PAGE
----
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KIMBERLY • Question:How do you get traditional consumers to love vegan food?

Answer:Don’t tell them it’s vegan until after they’ve eaten it. (And, presumably, after they’ve made all those yummy sounds.)

Take it from Jill Skeem: “The biggest misconception for people is that healthy food doesn’t taste good,” she said.

Skeem should know. She is a rural Kimberly-based health counselor, educator and chef who also happens to be a morning host on 1310 KLIX Radio in Twin Falls. And she has just self-published her first hard-cover cookbook. It’s called “Comfort Food gets a vegan makeover.” This is actually Skeem’s second cookbook. Her first, a smaller soft-cover volume titled “Jill’s Real Food Cookbook,” was published in 2004.

“Comfort Food” is a 149-page, full-color book containing 62 vegan recipes, about 95 percent of them Skeem’s. The recipes — which contain no butter, cheese, meat or dairy products — are divided into eight categories: breakfast, appetizers, soups, sandwiches, main courses, side dishes, salads and desserts. Vegans and others, such as vegetarians and meat-eaters alike, may adore many of the recipes and have lots from which to choose.

Vegans, by the way, consume no animal products, including dairy. Vegetarians, meanwhile, don’t eat meat, fish or poultry, but might eat dairy products such as cheese, eggs, yogurt or milk.

Skeem’s new book showcases recipes for baked oatmeal, beer-battered green beans, vegetable egg rolls, butternut squash ginger soup, tempeh Reuben and tofu marinara sub sandwiches, lasagna, shepherd’s pie, polenta fries, coleslaw, Asian noodle and Greek couscous salads and, for dessert, baklava bites and cherry crumble.

And that’s just a sampling.

“Comfort Food gets a vegan makeover” has been in the works since March 2009 when Skeem and Magic Valley photographer/designer Jason Lugo teamed up to get the project going.

Skeem received the first copy of the 8-by-8-inch book on Dec. 27, about a month after she and Lugo finished it. She initially ordered 1,000 copies and plans to order more.

“I couldn’t wipe the smile off my face when I received it and found that it was what Ihad expected,” she said. “I feel like Ihave been pregnant for four years and have finally had the baby.”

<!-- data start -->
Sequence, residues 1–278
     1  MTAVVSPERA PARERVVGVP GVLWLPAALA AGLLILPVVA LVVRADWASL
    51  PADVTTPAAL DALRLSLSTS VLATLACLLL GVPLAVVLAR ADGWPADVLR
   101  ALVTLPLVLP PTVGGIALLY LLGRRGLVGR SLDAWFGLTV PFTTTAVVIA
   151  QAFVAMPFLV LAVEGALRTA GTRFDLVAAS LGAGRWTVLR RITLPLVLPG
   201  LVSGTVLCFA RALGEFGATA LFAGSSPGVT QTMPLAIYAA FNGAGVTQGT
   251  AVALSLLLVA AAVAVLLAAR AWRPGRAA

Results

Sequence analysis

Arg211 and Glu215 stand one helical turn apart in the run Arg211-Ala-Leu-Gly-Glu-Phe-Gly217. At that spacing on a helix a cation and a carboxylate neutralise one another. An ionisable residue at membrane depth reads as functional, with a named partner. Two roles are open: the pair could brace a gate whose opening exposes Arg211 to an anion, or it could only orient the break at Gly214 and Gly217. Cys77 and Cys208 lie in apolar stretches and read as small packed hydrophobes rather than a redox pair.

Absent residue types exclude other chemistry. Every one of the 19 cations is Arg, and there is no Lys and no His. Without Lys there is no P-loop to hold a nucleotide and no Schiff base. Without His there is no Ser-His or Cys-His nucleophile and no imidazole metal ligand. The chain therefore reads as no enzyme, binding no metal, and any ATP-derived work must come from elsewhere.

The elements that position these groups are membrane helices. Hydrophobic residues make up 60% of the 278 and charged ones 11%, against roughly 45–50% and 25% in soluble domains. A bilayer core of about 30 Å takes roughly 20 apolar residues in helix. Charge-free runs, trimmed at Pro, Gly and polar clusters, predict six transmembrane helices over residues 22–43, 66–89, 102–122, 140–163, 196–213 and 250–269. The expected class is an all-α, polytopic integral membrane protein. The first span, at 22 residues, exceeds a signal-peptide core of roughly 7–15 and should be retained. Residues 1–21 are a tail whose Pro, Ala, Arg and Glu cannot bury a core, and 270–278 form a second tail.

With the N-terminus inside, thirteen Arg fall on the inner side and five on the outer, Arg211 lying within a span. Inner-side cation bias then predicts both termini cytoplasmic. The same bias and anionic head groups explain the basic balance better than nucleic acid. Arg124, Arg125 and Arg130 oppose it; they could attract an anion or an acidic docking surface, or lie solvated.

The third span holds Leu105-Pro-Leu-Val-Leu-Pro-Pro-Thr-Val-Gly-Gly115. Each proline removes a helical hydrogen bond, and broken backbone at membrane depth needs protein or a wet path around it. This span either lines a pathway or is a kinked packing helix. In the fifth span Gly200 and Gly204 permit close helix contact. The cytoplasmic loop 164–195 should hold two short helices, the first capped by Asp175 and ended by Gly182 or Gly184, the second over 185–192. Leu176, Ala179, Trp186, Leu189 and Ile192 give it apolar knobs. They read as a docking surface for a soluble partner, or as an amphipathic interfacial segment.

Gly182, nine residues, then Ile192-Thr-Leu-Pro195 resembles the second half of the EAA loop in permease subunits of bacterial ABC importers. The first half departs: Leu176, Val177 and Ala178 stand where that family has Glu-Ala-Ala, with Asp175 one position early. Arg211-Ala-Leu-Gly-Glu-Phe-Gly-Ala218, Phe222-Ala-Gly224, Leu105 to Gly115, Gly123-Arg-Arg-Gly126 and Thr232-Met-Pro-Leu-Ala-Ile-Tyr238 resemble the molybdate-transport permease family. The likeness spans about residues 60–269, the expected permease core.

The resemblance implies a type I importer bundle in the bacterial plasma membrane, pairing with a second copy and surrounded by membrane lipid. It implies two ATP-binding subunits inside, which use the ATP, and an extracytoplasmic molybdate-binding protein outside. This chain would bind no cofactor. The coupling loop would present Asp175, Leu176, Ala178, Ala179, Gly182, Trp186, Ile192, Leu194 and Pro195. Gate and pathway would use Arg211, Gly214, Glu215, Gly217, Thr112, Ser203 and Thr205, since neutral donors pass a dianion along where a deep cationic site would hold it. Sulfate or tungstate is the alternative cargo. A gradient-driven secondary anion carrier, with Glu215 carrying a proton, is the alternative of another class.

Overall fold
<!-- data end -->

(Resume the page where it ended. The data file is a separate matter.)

Skeem maintained a torrid schedule as she and Lugo hammered out the book’s illustrations and details. Most days after finishing her radio show at 10 a.m., she came home, loaded the car with food and other accessories and then drove to Declo to meet Lugo. They then spent six to seven hours photographing two or three food dishes.

“That was the hardest part,” Skeem said.

The idea for the book popped into Skeem’s head following classes in which she counseled people on healthy eating.

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“The students really wanted to eat healthier, but they just didn’t know how,” she said.

Skeem, who augments her vegan diet with some white-colored fish, was careful not to unintentionally turn off people who might view vegan or vegetarian recipes as just plain weird.

“I didn’t want a health or nutritional book,” she said. “I just wanted a book with healthier recipes people could easily make by making little changes in their lives.”

The recipes — most of which take from 15 minutes to an hour to prepare — make little changes, too, by using vegetable-based ingredients such as brown-rice syrup, tempeh (cooked, fermented soybeans), seitan (wheat gluten), tofu and dulse (red algae).

“Ifelt like if I could make it close enough to real comfort food without saturated fat and cholesterol, why wouldn’t anyone want to try it?” she asked. “It’s so exciting to know that people like your food and that’s it’s easy to make.”

And easy to disguise.

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